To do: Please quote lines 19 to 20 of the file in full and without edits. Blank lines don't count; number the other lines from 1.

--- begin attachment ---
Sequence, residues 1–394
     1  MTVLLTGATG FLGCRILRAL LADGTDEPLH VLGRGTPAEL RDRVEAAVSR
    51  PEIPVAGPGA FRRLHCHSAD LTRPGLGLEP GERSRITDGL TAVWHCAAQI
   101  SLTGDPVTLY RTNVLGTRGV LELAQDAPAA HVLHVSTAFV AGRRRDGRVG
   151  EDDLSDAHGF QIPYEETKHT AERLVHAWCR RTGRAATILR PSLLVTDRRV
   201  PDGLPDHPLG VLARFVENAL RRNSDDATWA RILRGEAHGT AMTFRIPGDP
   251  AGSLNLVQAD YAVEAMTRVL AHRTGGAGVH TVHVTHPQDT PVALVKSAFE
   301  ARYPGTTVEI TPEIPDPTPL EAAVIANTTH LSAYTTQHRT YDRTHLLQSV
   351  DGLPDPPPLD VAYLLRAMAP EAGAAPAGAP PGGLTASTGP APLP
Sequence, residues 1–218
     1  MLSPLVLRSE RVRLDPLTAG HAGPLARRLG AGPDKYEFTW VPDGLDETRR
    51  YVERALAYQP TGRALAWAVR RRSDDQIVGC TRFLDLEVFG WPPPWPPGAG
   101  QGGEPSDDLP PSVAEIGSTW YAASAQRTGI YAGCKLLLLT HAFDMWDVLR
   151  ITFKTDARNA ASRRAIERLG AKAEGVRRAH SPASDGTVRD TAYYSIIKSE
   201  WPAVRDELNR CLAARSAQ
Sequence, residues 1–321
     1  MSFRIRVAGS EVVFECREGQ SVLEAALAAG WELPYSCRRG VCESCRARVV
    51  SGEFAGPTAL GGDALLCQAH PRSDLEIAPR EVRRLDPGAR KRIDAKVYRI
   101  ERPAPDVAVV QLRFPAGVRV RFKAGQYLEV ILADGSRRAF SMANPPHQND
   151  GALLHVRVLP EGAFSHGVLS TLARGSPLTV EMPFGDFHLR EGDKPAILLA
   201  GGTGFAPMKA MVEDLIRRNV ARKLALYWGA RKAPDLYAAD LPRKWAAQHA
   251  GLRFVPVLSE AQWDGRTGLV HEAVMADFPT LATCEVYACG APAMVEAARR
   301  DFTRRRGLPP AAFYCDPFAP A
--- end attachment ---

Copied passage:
   101  ERPAPDVAVV QLRFPAGVRV RFKAGQYLEV ILADGSRRAF SMANPPHQND
   151  GALLHVRVLP EGAFSHGVLS TLARGSPLTV EMPFGDFHLR EGDKPAILLA